[00:10:55] If you aren’t working, you aren’t producing, and so you don’t appear in the GDP calculations. 

[00:11:01] If you are buying stuff, sure, you have an impact, but if you have the most fantastic hike in the mountains, a football game with your friends, or just an afternoon playing with your kids, that isn't going to factor in the total GDP.

[00:11:18] The other main complaint that is waged at GDP is that it doesn’t always reflect how well the average person is doing in a society. 

[00:11:28] To get GDP per capita you divide GDP by the number of people in a country.

[00:11:34] If GDP per capita goes up, this suggests that everyone is doing better, but GDP per capita can go up even if the lives of most people don’t get any better, or it can do even if the average person’s life is getting worse.

[00:11:55] This isn’t just theoretical, it's exactly what happens in countries with high levels of inequality. 

[00:12:02] In the US the incomes of the richest 1% have more than tripled since the 1970s, while real wage growth for ordinary people has remained stagnant, it hasn't really moved.

[00:12:16] But for almost every year since 1970, GDP per capita in the US has risen.

[00:12:24] So GDP can give the illusion that everyone is better off, even if this isn’t the case. It doesn’t reflect inequality at all.

[00:12:36] And finally, from an environmental point of view, GDP assumes that everything has the same value, as our earlier example of the coal power plant demonstrated. 

[00:12:48] Evidently, lots of economic activities have a negative environmental cost to them, a cost which will be paid by future generations, and this isn’t accounted for anywhere in GDP.

[00:13:01] The relentless focus on increasing GDP is also considered to be one of the main reasons that we are struggling to meet the carbon emissions reduction targets. 

[00:13:13] A focus on GDP as a measure of how society is getting better does nothing to discourage environmentally-unfriendly activities, and our society has actually been structured to incentivise more, not less consumption, which comes at an environmental cost.

[00:13:33] From clothes to washing machines, everything we buy has an environmental cost to produce, transport, and sell, and if we could only consume less of it, so the argument goes, that would be a very simple way of reducing our carbon footprint. 

[00:13:53] But the focus on GDP means any reduction in consumption is considered ‘bad’, and should be avoided. 

[00:14:01] A government could, for example, create legislation that required things like fridges, washing machines, or consumer electronics to last longer, or to have longer guarantees, but doing so would mean people would buy less of them, which would lower GDP.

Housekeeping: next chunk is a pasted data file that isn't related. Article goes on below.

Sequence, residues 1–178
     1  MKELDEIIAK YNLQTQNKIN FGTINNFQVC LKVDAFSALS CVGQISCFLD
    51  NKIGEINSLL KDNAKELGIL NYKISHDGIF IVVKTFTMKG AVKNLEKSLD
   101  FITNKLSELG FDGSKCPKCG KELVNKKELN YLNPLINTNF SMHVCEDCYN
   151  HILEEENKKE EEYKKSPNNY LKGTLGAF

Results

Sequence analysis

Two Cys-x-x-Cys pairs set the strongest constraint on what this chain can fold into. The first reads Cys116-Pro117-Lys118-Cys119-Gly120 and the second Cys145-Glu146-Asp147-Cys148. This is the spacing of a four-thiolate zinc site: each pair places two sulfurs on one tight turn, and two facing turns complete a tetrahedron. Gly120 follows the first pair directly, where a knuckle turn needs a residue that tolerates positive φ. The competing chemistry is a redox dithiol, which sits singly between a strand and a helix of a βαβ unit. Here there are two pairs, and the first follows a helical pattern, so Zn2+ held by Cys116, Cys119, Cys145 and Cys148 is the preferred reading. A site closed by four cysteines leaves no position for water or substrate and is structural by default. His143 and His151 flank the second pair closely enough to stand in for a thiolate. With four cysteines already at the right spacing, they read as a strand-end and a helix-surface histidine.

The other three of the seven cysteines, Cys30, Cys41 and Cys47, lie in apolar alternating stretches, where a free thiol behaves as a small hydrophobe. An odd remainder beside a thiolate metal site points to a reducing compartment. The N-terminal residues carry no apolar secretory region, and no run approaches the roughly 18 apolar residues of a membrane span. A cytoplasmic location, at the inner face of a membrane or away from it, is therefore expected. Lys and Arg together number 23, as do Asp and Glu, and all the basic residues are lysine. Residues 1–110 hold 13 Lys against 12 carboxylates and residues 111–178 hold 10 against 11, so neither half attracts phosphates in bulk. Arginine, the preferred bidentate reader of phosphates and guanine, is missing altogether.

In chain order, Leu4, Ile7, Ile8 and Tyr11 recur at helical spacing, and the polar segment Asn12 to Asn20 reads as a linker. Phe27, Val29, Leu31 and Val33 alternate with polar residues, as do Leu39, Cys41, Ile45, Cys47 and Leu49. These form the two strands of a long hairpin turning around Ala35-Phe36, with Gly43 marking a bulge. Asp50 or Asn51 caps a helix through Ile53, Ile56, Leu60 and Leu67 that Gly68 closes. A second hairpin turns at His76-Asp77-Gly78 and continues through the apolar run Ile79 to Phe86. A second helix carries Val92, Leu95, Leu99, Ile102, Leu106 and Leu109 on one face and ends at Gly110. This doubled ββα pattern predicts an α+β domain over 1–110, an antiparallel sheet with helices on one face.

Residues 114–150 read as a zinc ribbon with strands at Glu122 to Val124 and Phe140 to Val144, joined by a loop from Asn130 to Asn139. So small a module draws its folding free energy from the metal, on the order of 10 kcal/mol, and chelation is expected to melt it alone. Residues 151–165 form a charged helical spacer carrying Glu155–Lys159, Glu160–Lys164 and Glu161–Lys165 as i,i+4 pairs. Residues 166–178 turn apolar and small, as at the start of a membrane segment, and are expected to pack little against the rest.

[00:14:21] So you can see why using GDP as a measure of ‘how well we’re doing’ is quite problematic.

[00:14:29] Not all countries have settled for GDP as a measure of success though, and there are some really interesting ideas about how to better measure ‘how we’re doing’.

[00:14:42] You may have heard of how this is being done in Bhutan, the Buddhist country in the Himalayas, between the economic powerhouses of India and China.

[00:14:52] Since 2008 Bhutan has been measuring something called GNH, Gross National Happiness, as an alternative to GDP, but the idea has been popular in the country since the 1970s.

[00:15:08] The idea is that the country should be able to measure the overall happiness of its population. 

[00:15:16] If people are getting happier, then that’s a good thing. If people are not getting happier, then it needs to figure out why that’s not happening and do something about it.

[00:15:27] GNH, the Gross National Happiness,  is then calculated based on 9 different things: well-being, health, how that person uses their time, their education, cultural diversity and resilience, good governance, community vitality, ecological diversity and resilience, and living standards. 

[00:15:54] The end result is a number for that individual, which is then averaged out and they get a score for ‘how happy they are’.

[00:16:03] In this example someone who worked 100 hours a week in a high-paying corporate job but had chronic back pain and never saw their family would get a lower score than someone who worked 30 hours a week  but saw their friends and family every day. 

[00:16:21] Of course, if you were measuring this by GDP, our high-powered but sad and pained corporate worker would score a lot higher.

[00:16:30] Now, there are plenty of criticisms about how this happiness index is actually implemented in Bhutan, but the principle is quite appealing.

[00:16:41] If we, as humans, want to be happy, then surely measuring our happiness and trying to help everyone in society be as happy as they possibly can be must be a good thing?